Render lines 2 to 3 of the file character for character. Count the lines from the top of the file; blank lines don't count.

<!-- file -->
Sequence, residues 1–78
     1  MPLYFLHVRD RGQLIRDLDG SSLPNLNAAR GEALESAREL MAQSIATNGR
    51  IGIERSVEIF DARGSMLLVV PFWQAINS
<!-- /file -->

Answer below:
     1  MPLYFLHVRD RGQLIRDLDG SSLPNLNAAR GEALESAREL MAQSIATNGR
    51  IGIERSVEIF DARGSMLLVV PFWQAINS